So why are we still so barbaric as to lock our poor feet into non-removable rain boots that are doomed to be inappropriate footwear as soon as we step out of the rain? Especially for guys. Especially for guys who have to wear suits to work. Especially for guys who wear suits and walk to work.

Okay fine, you got me -- this is all just me whining about how hard my life is. Wahh.

But take a look at this dog's face and tell me that doesn't say, "Lady, this poncho is great and all, but what about my paws? And if you're going to outfit my paws with boots, can you make them removable, so I don't look like a fool once we're inside, and all the other dogs don't make fun of me?"


Dogs. They just get me.

Tuesday, May 27, 2014

Misplaced Team Nicknames

I love to play, watch, follow, and analyze just about any sport – even ones that many people find slow and/or boring (golf! More interesting than I thought it would be, and also a great nap delivery vehicle on Sunday afternoons). For whatever reason, sometime during my elementary school years, I started to find the idea of hitting, catching, throwing, shooting, passing, skating, and running very entertaining, and so not only did I begin to hit, catch, throw, shoot, pass, skate, and run, but i spent hours watching grown men do the same thing.

I was reading SI way, way before this ever happened.
/end excuse for a gratuitous Kate Upton photo.

One thing perplexes me, however: the selection of teams' nicknames. As an LA native, I'm used to having team names that make no sense unless you trace the team's history. Lakers? They were originally from Minnesota, or the "Land of 10,000 Lakes." Dodgers? The team used to navigate its way through a bunch of trolleys back in Brooklyn, and earned the nickname "Trolley Dodgers" as a result. Clippers? Years of paltry spending led to the team being associated with the coupon-clipping ways of middle-class moms.*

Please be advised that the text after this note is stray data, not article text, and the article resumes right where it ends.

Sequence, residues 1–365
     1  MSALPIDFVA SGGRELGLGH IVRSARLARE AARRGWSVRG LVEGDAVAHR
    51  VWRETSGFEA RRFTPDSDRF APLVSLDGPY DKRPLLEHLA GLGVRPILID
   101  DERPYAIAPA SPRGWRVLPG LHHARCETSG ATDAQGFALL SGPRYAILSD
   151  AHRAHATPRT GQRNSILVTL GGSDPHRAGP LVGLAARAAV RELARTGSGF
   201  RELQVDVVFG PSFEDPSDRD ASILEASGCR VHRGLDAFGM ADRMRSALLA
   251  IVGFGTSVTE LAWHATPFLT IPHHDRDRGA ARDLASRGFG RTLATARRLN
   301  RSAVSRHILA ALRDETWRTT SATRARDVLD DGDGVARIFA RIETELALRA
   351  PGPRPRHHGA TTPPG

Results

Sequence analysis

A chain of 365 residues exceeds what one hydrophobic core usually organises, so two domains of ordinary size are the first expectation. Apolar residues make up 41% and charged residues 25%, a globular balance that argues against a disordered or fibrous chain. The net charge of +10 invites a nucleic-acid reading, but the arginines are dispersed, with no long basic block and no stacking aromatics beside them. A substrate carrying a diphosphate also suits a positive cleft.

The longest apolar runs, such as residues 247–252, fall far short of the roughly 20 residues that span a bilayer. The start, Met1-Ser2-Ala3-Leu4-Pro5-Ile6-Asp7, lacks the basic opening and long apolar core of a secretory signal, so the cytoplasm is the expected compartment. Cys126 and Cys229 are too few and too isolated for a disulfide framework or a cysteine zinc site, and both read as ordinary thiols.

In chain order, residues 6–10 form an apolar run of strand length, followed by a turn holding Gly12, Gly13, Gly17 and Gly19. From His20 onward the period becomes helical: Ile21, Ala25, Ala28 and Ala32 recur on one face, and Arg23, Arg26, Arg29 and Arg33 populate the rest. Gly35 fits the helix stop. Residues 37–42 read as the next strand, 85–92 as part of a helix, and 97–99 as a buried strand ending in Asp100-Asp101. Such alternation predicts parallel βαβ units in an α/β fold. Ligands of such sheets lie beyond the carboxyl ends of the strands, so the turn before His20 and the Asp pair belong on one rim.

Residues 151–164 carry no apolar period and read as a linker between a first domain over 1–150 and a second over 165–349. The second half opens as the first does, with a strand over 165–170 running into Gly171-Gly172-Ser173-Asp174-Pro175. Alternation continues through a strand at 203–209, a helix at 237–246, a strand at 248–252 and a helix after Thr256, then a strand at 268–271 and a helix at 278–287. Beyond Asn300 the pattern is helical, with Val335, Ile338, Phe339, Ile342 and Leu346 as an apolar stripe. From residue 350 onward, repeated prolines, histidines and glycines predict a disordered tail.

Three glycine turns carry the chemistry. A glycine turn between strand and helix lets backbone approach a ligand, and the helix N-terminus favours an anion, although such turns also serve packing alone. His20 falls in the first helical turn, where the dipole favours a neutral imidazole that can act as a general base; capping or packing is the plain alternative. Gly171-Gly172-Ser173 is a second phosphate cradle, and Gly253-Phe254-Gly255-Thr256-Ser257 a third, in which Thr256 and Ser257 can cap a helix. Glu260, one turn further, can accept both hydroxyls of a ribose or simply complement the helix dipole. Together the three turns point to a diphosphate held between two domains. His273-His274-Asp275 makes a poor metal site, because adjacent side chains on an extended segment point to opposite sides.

(*This is not true.)

So I understand that teams can move cities while keeping their nickname. But at the moment, THIS is a thing:



It's like they're not even trying. Utah, land of 84-88 percent White/European people, adopting the music of...not White/European people? And not even indicating on the logo that jazz is a type of music at all?

I mean, I get it. The Jazz franchise was founded in New Orleans, and the logo used to look like this:


New Orleans Jazz. Great name. Cool – and sensible – logo. The current Jazz logo clearly only references the mountain range and outdoors spirit of the region, and that's fine, but it also kind of looks like this:


And this team is called the Rockies! A mountain logo for a team called the Rockies makes perfect sense. A mountain logo for a team called the Jazz does not make perfect sense. Does no one else find this bizarre?

This is probably one of the more rant-y posts I've written, so I'll end it very simply: two lists. Five great team names and five that desperately need changing. No political correctness arguments (let's give the Redskins thing a bit of a breather).

Great team names:
5. New York Yankees
4. Seattle Seahawks
3. New England Patriots
2. Dallas Cowboys
1. Houston Rockets

Crappy team names:
5. Houston Texans
4. Washington Wizards
3. Nashville Predators
2. Oakland A's
1. Utah Jazz

Monday, July 8, 2013

The Little Things in Life

Long weekends usually bring into the foreground the things we enjoy most: rest, fun, good food, family and friends, quiet Blackberries. The inevitable conclusion of long weekends then pushes those things into the...well, background, I suppose. Not really sure why I was looking for a different word there.